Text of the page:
Instead of going straight down to the biggest waterfall and back up, he took us on a two and half hour loop that starts with a descent through the forest into a canyon, passes by at least a twelve waterfalls, and ends with a steep climb up a stairway built into the side of a mountain. It was both invigorating and exhausting. The scenery was incomparable to anything else I’ve seen here, but by the time we got back to the top my legs I almost couldn’t walk to the bus.

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The views are amazing,
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and the waterfalls never end,
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there’s another one around every corner, *

 

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but they keep you going… *
* Photos by Pooja Jaradi
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until you have to climb these

The tour didn’t end there though. After the hike, we had lunch at a great café in Katoomba, where everyone with the tour got 10% off their meal, then we visited the Three Sisters, and  went to Lincoln’s Rock to hang our feet over the edge of the world.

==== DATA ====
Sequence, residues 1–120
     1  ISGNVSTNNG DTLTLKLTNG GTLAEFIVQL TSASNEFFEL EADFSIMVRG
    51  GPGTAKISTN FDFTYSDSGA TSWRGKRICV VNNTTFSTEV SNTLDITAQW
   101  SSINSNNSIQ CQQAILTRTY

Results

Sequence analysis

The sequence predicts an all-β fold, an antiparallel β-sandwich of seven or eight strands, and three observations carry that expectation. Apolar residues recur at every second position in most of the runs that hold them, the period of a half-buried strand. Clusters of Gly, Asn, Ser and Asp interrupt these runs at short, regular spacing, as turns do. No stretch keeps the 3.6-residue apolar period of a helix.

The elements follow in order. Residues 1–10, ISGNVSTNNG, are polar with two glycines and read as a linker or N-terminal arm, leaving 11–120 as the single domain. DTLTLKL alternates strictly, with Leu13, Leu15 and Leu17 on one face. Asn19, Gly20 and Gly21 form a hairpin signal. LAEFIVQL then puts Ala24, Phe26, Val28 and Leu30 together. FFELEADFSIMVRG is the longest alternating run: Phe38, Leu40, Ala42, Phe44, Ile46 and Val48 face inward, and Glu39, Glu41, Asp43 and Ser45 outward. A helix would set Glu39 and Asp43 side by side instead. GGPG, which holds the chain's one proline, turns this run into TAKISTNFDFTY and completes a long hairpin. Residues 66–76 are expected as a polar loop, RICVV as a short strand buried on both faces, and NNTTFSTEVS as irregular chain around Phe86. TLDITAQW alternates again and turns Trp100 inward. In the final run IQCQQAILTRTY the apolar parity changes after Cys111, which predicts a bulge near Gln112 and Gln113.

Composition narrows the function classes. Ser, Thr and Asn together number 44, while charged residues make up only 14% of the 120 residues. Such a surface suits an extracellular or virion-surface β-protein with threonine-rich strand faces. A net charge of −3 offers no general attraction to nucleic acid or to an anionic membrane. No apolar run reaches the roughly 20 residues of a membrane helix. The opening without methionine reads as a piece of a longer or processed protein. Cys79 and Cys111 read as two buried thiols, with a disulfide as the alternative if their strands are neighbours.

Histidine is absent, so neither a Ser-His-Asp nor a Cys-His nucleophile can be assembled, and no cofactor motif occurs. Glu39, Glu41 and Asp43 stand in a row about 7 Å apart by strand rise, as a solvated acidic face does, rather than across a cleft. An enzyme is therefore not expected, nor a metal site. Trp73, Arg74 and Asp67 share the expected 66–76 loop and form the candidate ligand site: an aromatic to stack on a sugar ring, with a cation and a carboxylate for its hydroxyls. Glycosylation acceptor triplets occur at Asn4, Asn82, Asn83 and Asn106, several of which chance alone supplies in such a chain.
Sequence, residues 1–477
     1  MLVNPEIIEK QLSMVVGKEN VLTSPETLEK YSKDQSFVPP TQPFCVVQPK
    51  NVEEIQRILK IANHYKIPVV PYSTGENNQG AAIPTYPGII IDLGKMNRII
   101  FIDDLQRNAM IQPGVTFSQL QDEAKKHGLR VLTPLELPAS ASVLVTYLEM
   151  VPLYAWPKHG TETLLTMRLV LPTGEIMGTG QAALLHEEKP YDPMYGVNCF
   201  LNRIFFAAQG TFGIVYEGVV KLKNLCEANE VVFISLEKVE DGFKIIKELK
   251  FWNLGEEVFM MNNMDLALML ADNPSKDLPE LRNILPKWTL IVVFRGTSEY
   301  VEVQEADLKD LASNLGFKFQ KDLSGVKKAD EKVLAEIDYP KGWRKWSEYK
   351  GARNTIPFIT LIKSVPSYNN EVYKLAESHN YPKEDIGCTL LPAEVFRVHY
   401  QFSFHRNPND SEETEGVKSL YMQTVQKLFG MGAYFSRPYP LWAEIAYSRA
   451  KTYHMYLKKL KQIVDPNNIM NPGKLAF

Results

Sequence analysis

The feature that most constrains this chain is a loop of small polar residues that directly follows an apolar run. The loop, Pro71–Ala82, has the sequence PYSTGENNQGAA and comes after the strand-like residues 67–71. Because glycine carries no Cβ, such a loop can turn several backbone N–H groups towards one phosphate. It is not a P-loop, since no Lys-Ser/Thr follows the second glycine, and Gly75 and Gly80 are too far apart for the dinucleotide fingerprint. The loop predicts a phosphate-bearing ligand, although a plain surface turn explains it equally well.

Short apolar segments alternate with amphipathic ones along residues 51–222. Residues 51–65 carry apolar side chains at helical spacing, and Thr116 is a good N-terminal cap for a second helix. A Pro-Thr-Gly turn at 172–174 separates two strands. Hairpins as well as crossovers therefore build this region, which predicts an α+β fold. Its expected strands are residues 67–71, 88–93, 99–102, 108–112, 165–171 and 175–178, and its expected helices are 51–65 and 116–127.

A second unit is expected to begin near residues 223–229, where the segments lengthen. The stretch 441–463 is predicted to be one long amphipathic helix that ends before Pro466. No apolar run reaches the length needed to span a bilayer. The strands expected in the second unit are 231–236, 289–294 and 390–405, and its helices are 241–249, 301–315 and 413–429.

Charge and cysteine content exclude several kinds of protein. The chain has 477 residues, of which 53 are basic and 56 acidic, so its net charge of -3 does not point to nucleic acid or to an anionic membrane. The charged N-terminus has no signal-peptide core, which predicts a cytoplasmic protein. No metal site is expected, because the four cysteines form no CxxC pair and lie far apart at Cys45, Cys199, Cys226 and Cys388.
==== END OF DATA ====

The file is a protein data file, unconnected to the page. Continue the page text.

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The three sisters
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Lincoln’s Rock
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And if you lean over the edge just a little…
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you can see the cars people have rolled off the cliff

When we got back to Sydney, the tour ended with Adam taking us to a bar to treat us all to a drink and by that time it was like sitting down for a drink with a group of old friends. My one beer turned into three, and I was still one of the first people to leave.

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Overall, it was definitely one of the best days I’ve had in Sydney. It was exhausting in all the right ways, but more importantly, I felt like I got more than what I paid for. As a natural adventurer, I don’t usually do guided tours or group activities because I like to push myself and I don’t want to be held back, but this was definitely a trip designed for people who want to get out and really experience nature, and challenge themselves, and learn a little something along the way.

If you’re planning a trip to Sydney and you want to get out of the city, away from the hordes of tourists, and connect to the great outdoors, I would definitely recommend booking a trip to the Blue Mountains with Barefoot Downunder. You could technically get there by yourself, and the trails are clearly marked once you reach the mountains, but there really is no replacement for a knowledgeable guide who is passionate about their work and the land. If you’re feeling daring, they actually offer an overnight trip to the mountains too! Plus, it takes a pretty special experience to turn a group of 20 complete strangers into friends in less than 12 hours.